A great generation is slowly vanishing
by Rebecca Johnston
November 11, 2012 12:00 AM | 1543 views | 1 1 comments | 8 8 recommendations | email to a friend | print
Rebecca Johnston<br>Cherokee Tribune Managing Editor
Rebecca Johnston
Cherokee Tribune Managing Editor
They say our parents’ generation was the greatest to live in this country and perhaps in any society ever.

The members of that generation were tempered by the Great Depression and honed by World War II and when the war was over they built the United States into the most powerful nation in history. They did it not thinking of themselves, but giving unselfishly and unstintingly of their time, effort and talents.

They peopled every community across this country, serving for those who followed as examples of thriftiness, hard work and love of church, family and country.

One by one, they are slowly slipping away and soon that generation will be gone — a distant memory of what made this country the great nation it was for many decades.

In our community the Greatest Generation made its mark as well, and there were many men who returned from the war to the towns they called home in Cherokee County.

They got jobs, opened businesses, raised families, contributed to their communities and made our county a better place.

One such man was John T. Holbrook Jr. of Canton, who died Nov. 1 at age 86.

Mr. Holbrook, as I called him, or J.T. as my dad would say, was a familiar presence in Canton all the years I grew up here.

Whether it was at the First Baptist Church or when I was hanging out at the Canton Drug Store or visiting my dad at the Cotton Mill office, in those years I would often see Mr. Holbrook and I remember him as always cheerful and joking, like my own father.

Mr. Holbrook lived in Canton all his life, leaving during the years of World War II when he fought in the military and spending time just prior to the war working for the U.S. Coast and Geodetic Survey and traveling up to Maine in the winter.

He was drafted into the Army in 1944 and served occupation duty in Japan following the United States victory in the Pacific.

Mr. Holbrook was on the deck of a battleship in August 1945 overlooking the Sesabo Harbor in Nagaski, Japan, after the atomic bomb was dropped. He took photos from the deck of the ship, but could not go ashore because of the high level of radiation.

In time, in 1946, he returned back to Canton and went to work at his father’s car dealership, but eventually went to work for Canton Cotton Mill where he began as a laborer and surveyor and moved up to plant engineer and in other areas of the management staff.

After the mill closed in 1981, Mr. Holbrook stayed on to help sell equipment and other duties before retiring in 1991.

In the years following his retirement, he took time to help the Historical Society, was involved in the community and church activities, enjoyed his family and remained a familiar figure around town, always willing to chat about times past or present. He continued to be a source of information about the mills, the strike, the mill village and many other aspects of life here that in many ways are now almost forgotten.

But most importantly, like many of his generation, he served as an example of someone who in his simple, everyday life, inspired others in his circle of family, friends and acquaintances to be better people, a man who truly loved his family.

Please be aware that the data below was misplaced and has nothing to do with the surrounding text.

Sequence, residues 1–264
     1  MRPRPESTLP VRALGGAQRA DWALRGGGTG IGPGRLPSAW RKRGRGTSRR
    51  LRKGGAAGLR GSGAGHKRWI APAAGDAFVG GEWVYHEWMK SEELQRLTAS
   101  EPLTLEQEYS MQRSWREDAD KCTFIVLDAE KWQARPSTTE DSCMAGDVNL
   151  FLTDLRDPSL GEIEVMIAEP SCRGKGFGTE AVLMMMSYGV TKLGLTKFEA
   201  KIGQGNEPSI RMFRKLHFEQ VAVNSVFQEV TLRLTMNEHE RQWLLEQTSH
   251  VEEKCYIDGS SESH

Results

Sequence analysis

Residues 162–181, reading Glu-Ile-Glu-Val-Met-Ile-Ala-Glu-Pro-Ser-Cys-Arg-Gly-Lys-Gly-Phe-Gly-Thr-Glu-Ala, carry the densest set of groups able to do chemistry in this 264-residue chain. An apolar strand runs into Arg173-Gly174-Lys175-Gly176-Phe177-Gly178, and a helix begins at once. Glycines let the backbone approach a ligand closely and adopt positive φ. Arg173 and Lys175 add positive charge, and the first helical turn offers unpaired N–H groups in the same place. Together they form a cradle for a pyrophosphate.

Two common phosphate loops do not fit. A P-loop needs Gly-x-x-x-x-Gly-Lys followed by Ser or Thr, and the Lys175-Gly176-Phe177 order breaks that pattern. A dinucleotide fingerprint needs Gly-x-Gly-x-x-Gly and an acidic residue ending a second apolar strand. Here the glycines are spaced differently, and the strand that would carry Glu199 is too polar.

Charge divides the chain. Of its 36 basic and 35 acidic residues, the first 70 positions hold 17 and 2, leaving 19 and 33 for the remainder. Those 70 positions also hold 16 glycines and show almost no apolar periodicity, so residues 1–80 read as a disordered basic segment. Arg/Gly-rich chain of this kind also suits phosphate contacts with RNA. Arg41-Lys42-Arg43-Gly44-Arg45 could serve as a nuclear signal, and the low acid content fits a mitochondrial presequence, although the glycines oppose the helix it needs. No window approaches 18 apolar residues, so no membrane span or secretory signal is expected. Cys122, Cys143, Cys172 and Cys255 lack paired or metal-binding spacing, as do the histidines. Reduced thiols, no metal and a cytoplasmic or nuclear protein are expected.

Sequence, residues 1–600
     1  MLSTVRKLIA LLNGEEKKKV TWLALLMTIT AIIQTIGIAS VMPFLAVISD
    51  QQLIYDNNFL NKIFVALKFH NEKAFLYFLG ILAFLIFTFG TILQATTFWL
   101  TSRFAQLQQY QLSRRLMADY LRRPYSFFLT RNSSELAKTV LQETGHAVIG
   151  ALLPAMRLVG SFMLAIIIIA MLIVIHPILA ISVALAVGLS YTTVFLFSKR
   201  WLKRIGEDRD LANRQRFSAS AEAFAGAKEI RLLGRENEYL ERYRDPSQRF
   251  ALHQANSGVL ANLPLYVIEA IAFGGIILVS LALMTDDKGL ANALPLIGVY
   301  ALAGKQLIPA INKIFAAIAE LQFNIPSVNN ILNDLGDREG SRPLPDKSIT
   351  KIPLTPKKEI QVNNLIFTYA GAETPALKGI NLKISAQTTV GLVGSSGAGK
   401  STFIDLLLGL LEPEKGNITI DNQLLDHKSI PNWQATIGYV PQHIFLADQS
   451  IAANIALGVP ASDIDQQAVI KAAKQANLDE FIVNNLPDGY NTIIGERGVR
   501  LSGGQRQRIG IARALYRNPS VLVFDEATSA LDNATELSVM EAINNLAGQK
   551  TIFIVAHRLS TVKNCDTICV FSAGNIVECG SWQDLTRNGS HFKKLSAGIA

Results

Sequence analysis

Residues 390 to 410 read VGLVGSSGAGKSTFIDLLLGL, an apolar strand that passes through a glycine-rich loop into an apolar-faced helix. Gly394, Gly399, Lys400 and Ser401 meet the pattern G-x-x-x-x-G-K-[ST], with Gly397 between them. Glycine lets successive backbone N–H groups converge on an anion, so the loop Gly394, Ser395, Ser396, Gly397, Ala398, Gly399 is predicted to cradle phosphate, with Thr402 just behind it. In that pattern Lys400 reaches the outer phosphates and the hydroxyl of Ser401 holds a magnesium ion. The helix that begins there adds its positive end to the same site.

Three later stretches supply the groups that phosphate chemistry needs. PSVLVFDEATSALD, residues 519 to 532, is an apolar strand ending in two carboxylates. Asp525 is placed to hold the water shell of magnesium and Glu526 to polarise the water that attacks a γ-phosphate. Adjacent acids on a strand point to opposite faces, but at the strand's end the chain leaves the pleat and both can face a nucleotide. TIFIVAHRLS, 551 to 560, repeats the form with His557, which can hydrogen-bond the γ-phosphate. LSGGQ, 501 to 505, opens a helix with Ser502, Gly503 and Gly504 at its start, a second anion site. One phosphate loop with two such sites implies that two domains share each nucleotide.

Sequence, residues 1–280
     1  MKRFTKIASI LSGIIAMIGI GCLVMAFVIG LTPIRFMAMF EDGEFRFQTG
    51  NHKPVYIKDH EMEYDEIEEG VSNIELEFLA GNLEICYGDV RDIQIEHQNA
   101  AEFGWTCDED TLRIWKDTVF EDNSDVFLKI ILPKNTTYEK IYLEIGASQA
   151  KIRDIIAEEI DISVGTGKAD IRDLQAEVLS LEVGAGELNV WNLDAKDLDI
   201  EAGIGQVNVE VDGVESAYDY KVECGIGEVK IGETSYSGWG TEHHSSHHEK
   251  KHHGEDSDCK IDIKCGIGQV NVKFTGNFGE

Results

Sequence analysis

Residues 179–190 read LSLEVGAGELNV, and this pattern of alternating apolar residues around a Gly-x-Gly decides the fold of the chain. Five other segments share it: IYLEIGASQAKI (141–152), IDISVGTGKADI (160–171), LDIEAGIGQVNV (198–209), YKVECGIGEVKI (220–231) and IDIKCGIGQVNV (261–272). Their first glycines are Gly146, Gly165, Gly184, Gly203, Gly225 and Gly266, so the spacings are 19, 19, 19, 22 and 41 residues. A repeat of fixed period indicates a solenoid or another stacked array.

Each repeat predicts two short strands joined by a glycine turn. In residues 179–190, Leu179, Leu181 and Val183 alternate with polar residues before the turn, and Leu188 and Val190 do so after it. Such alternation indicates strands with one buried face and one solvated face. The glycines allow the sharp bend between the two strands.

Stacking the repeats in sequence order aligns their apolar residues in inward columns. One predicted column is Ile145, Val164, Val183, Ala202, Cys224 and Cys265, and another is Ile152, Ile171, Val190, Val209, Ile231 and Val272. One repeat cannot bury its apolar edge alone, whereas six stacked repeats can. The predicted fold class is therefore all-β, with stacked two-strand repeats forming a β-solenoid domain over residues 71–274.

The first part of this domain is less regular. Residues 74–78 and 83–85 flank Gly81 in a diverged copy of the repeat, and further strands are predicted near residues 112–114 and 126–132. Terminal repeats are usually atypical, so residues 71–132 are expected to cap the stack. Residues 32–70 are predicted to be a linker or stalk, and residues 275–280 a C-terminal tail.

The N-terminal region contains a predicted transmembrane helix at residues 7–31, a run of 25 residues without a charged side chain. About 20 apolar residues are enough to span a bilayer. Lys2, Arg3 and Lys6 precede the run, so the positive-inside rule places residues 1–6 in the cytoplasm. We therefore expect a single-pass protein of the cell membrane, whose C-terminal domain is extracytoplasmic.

That is so representative of what the vanishing Great Generation meant to my generation of Baby Boomers. They were the ones who went before so that we could enjoy the bounty we grew up with.

Much like my own father, who also grew up in the Depression, he served in the war and came home to work in the community at the Cotton Mill and provide a good life for his family he held so dear.

We will miss the men and women of that generation, and if you are lucky enough to still have one in your family, cherish that person. In these days that sometimes seem dark and worrisome, as we watch our national leaders often falter, and we see this great country struggle, it is easy to feel pessimistic about the future.

But on this Veterans Day, when I think about those who went before, I remain optimistic that we can come out of these times stronger and more resilient, ready to give back to our community and our country.

I believe that the spark of the true American spirit is still alive and that we can revive it and continue to be the light that represents freedom for the rest of the world.

Rebecca Johnston is managing editor of The Cherokee Tribune.
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Cynthia C. De Luz
November 11, 2012
My father grew up during the Great Depression. He was a WWII vet. He proudly served this nation on the Pacific Front and was honorably discharged a partially disabled veteran. This was the “Great Generation” he came home to.

He could not rent or own a home in any neighborhood for his family. His children could not attend any school. He could not sit at any soda fountain and enjoy a hamburger, fries, and a Coke with a friend. He could not walk into any “Christian” church in the community and worship the Lord, our God. Although he was a trained and licensed electrician, he was not allowed to join their union because he was a black man with a Spanish surname. At times, he held down three jobs so that he did not have to accept welfare, food stamps, or any other handout for his family.

I think it is important to remember that the Great Generation you so proudly depict was flawed in many ways and has yet to exist in this United States of America. Instead of looking to the past, we must now look to each other in the present and stand as ONE people, truly united under God. This is what Veteran’s Day means to me.

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